|CD11T||105℃ Standard Product||CD11T||Application Guide|
|CD11EZ||5mmL105℃ LOW impedance Product||CD11EZ||Application Guide|
|CD71T||105℃ Bippolar Product||CD71T||Application Guide|
|CDRR||105℃ High Working Voltage High Ripple Current Long Life Product||CDRR||Application Guide|
|CD288T||105℃ Low impedance Product||CD288T||Application Guide|
|CD11CT||7mmL105℃ Standard Product||CD11CT||Application Guide|
Capacitors are passive components used for rectification, coupling, and tuning in nearly all circuits. Also known as a capacitor, a capacitor is just two electrical conductors separated by an insulating layer called a dielectric. Conductors are usually thin layers of aluminum foil, while dielectrics can be made from a variety of materials, including paper, mylar, polypropylene, ceramic, mica, and even air. Electrolytic capacitors have an alumina dielectric formed by applying a voltage after the capacitor is assembled. The properties of different capacitors depend not only on the materials used for the conductors and dielectrics, but also on the thickness and physical spacing of the components.
Capacitors are used to store charges and release them when the circuit needs them. They also block any direct current while allowing alternating current to pass through.
They can be used in electronic circuits to perform different tasks including filtering, bypassing and smoothing frequencies.
There are six common different types of capacitors. these are:
These capacitors are used when larger capacitor values are required. There is a thin metal membrane for one electrode and then a semi-liquid electrolyte solution for the cathode.
There are two types of mica capacitors - clamp capacitors and silver mica capacitors. Mica capacitors have low losses and are often used at high frequencies. The most common of these types of capacitors are made from muscovite and phlogopite, with muscovite being the preferred choice for electrical properties and the latter having higher temperature resistance.
Paper capacitors are made between two sheets of tin foil that are separated from the paper. The paper is then rolled into a cylindrical shape and closed with a plastic capsule at each end. The capacitance range of these capacitors is 0.001 - 2.000 microfarads.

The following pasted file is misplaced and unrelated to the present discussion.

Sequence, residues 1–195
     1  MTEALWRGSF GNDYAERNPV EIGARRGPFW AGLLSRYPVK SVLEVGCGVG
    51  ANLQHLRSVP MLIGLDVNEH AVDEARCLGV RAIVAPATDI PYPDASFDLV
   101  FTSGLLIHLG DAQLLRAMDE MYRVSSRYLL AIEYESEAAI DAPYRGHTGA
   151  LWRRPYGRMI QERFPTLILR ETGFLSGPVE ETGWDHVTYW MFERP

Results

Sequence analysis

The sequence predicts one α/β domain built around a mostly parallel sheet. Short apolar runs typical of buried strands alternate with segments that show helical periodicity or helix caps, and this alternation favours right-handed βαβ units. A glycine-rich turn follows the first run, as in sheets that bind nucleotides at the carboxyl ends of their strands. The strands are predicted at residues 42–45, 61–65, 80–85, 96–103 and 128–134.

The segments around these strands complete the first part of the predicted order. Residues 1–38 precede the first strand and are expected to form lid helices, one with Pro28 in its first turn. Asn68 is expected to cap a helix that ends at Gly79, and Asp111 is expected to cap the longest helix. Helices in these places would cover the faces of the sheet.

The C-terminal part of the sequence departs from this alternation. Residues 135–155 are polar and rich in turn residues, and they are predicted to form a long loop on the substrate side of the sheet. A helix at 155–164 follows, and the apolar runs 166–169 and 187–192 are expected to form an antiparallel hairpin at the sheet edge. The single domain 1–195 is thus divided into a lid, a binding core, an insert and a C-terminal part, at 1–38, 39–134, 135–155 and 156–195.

These capacitors use thin films, which are sometimes metallized during manufacture depending on the characteristics of the capacitor. These can be made from polyester film, polypropylene film, metallized film, polystyrene film and teflon film. PTFE film capacitors are often used due to their heat-resistant properties and excel in aerospace technology.
These capacitors are classified as plastic foil capacitors or electrolytic non-polar capacitors. Non-polar capacitor types require AC applications in parallel with the signal or power supply to function properly.
Ceramic materials are used as the dielectric for these capacitors and were one of the first materials used to produce capacitors as insulators. The two types of ceramic capacitors are multilayer ceramic capacitors (MLCCs) and ceramic disc capacitors.
Where can you use capacitors?
Capacitors in circuits have a variety of uses, which means they can be used in an almost endless variety of different devices and products.
The most recognized place to look for capacitors is inside your phone's camera flash. The capacitor is charged by the current, which then allows the flash to work. You can also find capacitors in the radio's tuning dial to help find the correct frequency and prevent speakers from overloading and exploding. Timers that use steady beeps or flashes also use capacitors to accomplish this.
At Aillen, we are committed to providing you with the right consumables at competitive prices. No matter what project or job you need your capacitors for, you can be sure that the products we sell meet industry standards and are tried and tested. We only provide the highest quality products for your mission.
For quality capacitors, shop at Aillen. If you have any concerns or questions about our services and products, please contact us. Looking for tips or advice? Head to our Expert Center to find expertise designed to simplify your work.